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Blast to the past at Placerita Canyon nature Center's Open House

Posted: May 11, 2013 9:58 p.m.
Updated: May 11, 2013 9:58 p.m.

Sampling a bit of history first hand at the Placerita Canyon Nature Center's Open House Saturday, Caleb Hoyle (left) and Eric Provencio use a two-man saw as Al Wallander looks on.

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Cutting your own wood and washing your clothes by hand proved hard work for kids visiting the Placerita Canyon Nature Center’s Open House on Saturday.

More than 500 people, many of them families, got a taste of the natural, the wild and the old-fashioned as the center threw open its doors to the public.

“We love the Nature Center,” said Charla Provencio as she watched her 8-year-old son, Eric, sawing a log the way they did more than a century ago.

“We come up here and visit the personal trails they have and we’ve had this (open house event) on our calender for two months now.”

As her son paused in his sawing duties, supervising saw boss Al Wallander told the boy how to stand with his feet firmly on the ground and how to use his arms.

This is how they built houses 150 years ago, someone near them said. To which, Wallander added: “And, at this rate, it will be a very small house.”

Young Provencio and his sawing partner Caleb Hoyle, 8, were sweating with each back-and-forth motion of the saw blade.

Asked what he would do if he lived 150 years ago and was told to spend the day cutting wood, Hoyle said: “I’d go to the outhouse and hide there all day.”

Against a sunny backdrop of birds chirping and wood being cut, was also the splashing sound of soap on a washboard nearby.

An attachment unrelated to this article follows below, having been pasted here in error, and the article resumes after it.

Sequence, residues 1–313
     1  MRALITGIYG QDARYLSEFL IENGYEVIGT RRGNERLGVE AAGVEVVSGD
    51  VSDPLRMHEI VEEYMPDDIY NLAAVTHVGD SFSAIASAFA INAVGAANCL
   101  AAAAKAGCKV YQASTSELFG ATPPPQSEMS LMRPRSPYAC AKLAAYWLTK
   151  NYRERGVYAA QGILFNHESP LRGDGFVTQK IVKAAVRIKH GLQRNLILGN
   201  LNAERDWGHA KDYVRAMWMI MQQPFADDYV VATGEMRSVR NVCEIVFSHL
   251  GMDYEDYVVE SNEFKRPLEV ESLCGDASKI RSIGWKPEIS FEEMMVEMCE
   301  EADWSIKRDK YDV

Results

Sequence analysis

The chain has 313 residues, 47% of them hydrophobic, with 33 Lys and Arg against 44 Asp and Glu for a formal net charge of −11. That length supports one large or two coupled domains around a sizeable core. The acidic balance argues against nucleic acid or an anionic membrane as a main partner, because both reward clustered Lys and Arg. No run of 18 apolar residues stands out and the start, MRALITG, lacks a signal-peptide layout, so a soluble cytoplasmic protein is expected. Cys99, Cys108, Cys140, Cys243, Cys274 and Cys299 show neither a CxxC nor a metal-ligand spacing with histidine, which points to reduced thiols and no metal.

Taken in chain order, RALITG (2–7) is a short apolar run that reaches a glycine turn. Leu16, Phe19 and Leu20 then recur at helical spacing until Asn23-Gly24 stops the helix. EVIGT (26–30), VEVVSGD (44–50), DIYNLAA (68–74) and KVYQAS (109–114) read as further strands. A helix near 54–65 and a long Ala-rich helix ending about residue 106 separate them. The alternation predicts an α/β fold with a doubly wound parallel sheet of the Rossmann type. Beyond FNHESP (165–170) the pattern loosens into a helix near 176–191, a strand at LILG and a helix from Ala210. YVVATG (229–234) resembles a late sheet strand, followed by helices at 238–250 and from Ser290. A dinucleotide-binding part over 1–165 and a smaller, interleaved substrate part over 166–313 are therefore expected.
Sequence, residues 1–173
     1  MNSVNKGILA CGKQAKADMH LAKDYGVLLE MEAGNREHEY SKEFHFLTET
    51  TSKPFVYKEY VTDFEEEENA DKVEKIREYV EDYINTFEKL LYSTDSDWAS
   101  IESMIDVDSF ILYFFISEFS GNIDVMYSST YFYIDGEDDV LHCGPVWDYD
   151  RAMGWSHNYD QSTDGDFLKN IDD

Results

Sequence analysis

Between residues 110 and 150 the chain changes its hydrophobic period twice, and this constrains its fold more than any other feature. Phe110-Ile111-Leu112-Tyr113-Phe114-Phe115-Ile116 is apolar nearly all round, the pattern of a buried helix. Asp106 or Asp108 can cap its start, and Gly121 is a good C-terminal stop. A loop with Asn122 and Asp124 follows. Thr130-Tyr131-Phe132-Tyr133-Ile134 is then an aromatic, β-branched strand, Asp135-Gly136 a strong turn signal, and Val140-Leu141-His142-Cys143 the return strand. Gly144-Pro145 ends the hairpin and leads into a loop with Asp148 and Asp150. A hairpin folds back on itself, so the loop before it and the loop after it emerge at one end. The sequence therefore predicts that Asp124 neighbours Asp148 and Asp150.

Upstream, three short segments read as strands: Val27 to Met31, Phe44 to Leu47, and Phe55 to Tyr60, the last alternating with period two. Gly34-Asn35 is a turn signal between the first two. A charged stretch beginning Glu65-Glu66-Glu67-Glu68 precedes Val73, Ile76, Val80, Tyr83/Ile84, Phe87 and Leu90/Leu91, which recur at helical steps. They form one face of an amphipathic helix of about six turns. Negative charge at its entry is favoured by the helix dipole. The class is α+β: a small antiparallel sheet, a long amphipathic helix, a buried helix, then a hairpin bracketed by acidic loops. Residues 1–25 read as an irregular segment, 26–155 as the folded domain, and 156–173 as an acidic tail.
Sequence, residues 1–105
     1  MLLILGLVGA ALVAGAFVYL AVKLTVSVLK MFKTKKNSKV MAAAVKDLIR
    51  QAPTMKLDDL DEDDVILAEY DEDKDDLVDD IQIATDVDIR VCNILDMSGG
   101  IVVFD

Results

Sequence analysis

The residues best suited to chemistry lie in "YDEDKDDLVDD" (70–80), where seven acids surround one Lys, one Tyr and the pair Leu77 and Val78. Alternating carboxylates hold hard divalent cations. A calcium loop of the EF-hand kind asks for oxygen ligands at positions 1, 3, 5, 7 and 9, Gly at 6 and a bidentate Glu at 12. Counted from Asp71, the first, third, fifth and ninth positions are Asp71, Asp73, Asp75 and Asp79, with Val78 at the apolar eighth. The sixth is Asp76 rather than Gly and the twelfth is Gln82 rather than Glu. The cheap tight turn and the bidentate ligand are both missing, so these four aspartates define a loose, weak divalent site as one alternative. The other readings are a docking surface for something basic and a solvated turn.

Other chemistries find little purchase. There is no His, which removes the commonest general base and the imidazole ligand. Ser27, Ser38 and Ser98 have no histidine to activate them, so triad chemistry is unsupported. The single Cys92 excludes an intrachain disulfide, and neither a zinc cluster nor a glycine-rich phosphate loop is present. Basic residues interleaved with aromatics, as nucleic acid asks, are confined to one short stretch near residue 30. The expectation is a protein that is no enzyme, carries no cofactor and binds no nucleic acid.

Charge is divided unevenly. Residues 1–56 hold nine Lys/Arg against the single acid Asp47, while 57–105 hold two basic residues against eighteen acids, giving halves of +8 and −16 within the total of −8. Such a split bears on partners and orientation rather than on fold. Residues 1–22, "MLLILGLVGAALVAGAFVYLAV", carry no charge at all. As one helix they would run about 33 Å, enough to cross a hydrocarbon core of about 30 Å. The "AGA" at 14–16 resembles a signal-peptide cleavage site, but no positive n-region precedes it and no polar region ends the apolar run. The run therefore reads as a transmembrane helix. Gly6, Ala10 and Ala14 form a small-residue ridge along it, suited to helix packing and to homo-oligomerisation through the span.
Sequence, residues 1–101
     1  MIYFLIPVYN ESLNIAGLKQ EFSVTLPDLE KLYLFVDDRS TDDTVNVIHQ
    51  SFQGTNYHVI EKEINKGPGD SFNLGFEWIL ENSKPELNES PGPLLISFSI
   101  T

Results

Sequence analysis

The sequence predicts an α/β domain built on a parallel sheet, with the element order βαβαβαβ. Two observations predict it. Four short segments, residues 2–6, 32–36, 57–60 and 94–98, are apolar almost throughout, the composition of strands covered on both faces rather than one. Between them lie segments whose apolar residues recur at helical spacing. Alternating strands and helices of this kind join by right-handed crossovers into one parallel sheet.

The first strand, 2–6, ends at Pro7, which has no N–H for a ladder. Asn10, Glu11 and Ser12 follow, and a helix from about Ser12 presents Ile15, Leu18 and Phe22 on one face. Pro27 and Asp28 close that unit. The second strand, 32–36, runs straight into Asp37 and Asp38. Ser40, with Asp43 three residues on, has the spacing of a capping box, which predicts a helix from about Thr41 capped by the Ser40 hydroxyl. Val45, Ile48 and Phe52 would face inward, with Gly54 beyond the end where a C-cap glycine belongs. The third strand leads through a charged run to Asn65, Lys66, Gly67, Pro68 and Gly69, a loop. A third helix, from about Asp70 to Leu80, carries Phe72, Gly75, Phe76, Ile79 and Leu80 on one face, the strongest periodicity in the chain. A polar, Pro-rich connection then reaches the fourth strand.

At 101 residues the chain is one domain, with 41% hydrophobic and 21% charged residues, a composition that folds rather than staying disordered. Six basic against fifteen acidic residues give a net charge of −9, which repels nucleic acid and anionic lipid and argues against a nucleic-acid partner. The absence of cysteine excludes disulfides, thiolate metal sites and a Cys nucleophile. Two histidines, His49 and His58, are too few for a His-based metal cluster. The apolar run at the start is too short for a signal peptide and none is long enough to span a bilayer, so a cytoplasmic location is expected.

Nature Center volunteer Evelyn Velie, dressed in an ankle-length blue dress and supervising the old-time washing experience, told kids how to scrub, wring and feed clothes through crank-turned rollers.

Saturday’s event featured many of the less strenuous attractions popular among children such as face-painting.

The attractions offering visitors a brush with the past or a close encounter with nature, however, proved to be a bigger hit with kids and adults, organizers said.

“It’s been a record turnout. We’ve never had so many people turn out before,” said the Nature Center’s Superintendent Russ Kimura.

“We did some things differently this year,” he said, pointing to a expanded browsing area created around the center that moved parking further out.

“I talked to my vendors, my volunteers, my park staff and everybody is having a great time.”

One of the stars of Saturday’s open house was Wheely — a majestic Harris’s hawk with her grappling hook talons capable of exerting 70 pounds of pressure.

The hawk’s handler, Rick Brammer, held out his gloved hand to show a bloody exposed part of unprotected arm as proof of the bird’s prowess.

As a small crowd gathered around him, Brammer told the story of how Wheely came to call the Placerita Canyon Nature Center home.

“We found Wheely inside the wheel well of a UPS truck,” he said, hence Wheely’s name.

Center Animal Keeper David Stives “reached into the wheel well and all her tail feathers came off,” he said. That was 15 years ago.

An estimated 15,000 people on average visit the park every month, according to Kimura.

The park has seven different trails covering 12 miles of natural terrain. Its main trail, the Canyon Trail, connecting the Nature Center to eastern most part of the park, was recently updated to accommodate mountain bikers.

 

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